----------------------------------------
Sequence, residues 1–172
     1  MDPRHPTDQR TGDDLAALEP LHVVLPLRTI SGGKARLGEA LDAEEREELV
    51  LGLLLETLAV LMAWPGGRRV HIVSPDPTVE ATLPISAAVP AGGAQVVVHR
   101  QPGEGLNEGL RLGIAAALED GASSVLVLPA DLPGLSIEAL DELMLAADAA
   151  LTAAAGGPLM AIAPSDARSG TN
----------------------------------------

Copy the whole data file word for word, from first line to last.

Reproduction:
Sequence, residues 1–172
     1  MDPRHPTDQR TGDDLAALEP LHVVLPLRTI SGGKARLGEA LDAEEREELV
    51  LGLLLETLAV LMAWPGGRRV HIVSPDPTVE ATLPISAAVP AGGAQVVVHR
   101  QPGEGLNEGL RLGIAAALED GASSVLVLPA DLPGLSIEAL DELMLAADAA
   151  LTAAAGGPLM AIAPSDARSG TN